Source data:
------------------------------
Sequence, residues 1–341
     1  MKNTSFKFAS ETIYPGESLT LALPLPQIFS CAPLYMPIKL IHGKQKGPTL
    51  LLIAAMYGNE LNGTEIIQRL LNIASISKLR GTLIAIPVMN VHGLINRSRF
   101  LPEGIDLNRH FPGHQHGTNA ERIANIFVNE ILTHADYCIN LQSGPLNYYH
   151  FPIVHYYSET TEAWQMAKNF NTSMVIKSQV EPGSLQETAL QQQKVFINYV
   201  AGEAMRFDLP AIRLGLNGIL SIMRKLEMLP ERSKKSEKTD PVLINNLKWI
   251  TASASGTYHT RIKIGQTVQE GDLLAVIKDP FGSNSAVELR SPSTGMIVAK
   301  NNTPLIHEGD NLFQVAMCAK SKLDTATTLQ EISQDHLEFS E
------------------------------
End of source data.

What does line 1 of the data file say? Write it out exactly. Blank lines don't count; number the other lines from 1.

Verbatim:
Sequence, residues 1–341